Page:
Today, I'll be visiting the Lone Star State to talk about an issue that's vitally important to both Texas and my home state of Rhode Island: climate change.
Our climates are changing, and we are the cause. Clear and simple measurements show the amount of carbon dioxide in the atmosphere up more than 40 percent since the Industrial Revolution began. Burning fossil fuels has pumped out massive quantities of carbon pollution. The link is established between this rise in CO2 emissions and the measurable changes in our climate and oceans. Fifteen of the 16 hottest years ever measured have come since 2001. The past half-decade has been the warmest five-year period ever recorded, according to the World Meteorological Organization. Ice is disappearing so quickly from glaciers and polar caps that measurements can barely keep up.
My Ocean State has a front-row seat for the dramatic changes carbon pollution is driving in our oceans. The sea has absorbed over 90 percent of the excess heat greenhouse gases trapped in the atmosphere, so it's warming. Thermometers tell us that. The ocean has also absorbed a lot of CO2 directly — 600 gigatons’ worth in the industrial era. The laws of chemistry tell us that CO2 makes seawater more acidic. Simple pH tests show us that it's happening. It's so bad that businesses have seen the shells of clams, oysters and other shellfish they are growing dissolve. And it's getting steadily worse.
This isn't projections or computer models. We see the effects of climate change outside our door. We measure the rising water temperatures off Rhode Island's coast. I hear from fishermen catching strange tropical fish in waters they've known all their lives. The tide gauge in my hometown of Newport, Rhode Island shows sea levels up 10 inches since the 1930s. And I have visited constituents' homes wrecked in storms by an ever-advancing ocean.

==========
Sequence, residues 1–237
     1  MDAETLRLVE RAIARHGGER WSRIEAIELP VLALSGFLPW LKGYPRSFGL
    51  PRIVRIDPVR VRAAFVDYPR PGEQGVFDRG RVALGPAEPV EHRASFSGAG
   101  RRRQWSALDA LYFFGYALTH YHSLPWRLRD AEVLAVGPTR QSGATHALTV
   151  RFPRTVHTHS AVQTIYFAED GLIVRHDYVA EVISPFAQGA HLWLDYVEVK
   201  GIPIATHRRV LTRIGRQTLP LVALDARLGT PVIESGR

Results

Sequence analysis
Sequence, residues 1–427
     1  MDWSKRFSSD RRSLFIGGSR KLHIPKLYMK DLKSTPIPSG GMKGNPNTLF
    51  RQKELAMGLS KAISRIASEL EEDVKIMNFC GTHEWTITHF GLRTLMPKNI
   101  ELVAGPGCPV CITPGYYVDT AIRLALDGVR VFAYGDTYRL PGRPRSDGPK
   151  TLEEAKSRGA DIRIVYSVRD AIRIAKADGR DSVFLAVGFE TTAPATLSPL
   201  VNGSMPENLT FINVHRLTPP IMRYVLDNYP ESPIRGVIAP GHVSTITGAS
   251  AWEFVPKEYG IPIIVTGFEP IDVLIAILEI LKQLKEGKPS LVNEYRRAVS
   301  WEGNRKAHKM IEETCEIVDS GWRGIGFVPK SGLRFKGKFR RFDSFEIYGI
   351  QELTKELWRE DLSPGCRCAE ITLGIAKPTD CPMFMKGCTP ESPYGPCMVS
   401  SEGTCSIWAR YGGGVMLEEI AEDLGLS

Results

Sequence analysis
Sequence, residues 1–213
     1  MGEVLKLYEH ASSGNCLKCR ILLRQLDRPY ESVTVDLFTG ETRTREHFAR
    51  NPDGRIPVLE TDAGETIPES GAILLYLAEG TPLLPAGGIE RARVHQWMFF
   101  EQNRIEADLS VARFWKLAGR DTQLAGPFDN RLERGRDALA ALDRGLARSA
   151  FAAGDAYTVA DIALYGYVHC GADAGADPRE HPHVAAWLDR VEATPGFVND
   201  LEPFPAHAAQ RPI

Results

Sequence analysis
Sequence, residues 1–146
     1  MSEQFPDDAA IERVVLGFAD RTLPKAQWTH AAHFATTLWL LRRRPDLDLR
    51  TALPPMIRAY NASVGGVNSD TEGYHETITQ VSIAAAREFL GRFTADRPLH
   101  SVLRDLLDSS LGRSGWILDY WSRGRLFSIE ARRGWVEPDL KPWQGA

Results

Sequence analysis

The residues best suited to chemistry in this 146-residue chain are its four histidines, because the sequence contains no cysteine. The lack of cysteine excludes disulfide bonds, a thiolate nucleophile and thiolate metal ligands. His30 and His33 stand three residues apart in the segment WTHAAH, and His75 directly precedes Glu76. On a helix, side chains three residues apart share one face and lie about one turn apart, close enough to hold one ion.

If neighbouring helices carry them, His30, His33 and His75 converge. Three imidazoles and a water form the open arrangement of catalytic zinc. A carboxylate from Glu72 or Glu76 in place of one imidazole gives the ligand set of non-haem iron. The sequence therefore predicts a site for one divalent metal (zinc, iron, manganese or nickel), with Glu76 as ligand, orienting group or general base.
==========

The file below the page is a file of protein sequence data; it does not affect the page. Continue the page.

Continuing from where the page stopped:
Texans are seeing changes too. "We get hit by drought, we get hit by heat. We get hit by storms, we get hit by sea-level rise. And we're starting to see those impacts today," says Katharine Hayhoe, Director of the Climate Science Center at Texas Tech. "Texas is really at the forefront of this problem." On Monday in Austin, I'll meet with Prof. Hayhoe and scientists from Rice University, Texas A&M, and the University of Texas at Austin to learn more about Texan universities' climate research.
But not everyone likes climate science. Texas Congressman Lamar Smith, who's received nearly $685,000 in campaign contributions from the oil and gas industry, has used his position as chairman of the House Science, Space and Technology Committee to become Congress's defender-in-chief of oil and gas giant ExxonMobil. Award-winning journalists have uncovered that Exxon knew early on about the effects of carbon pollution but worked through an elaborate web of front groups to deny these realities.
Lately, every time Exxon is faced with a new investigation over its climate mischief, Chairman Smith springs into action. He's subpoenaed documents from state attorneys general and public-interest groups, and just last month demanded documents from the Securities and Exchange Commission.
That is ridiculous. Rather than harass attorneys general, scientists and private organizations who are doing their jobs, Chairman Smith should do something productive with his committee. He should call a committee hearing where he can hear from his own home-state universities, from experts like Dr. Hayhoe and her colleagues, about how climate change is affecting Texas, what can be done to address it, and how Congress can help.
This really isn't funny any longer. Whether it's unprecedented droughts, or lengthening wildfire seasons, or dying forests, or shrinking glaciers, or warming, rising and acidifying seas along our coastlines, nature is sending us warnings we are fools — or worse — to ignore. It may be better to listen to Texas's scientists. Or maybe he'll just subpoena them.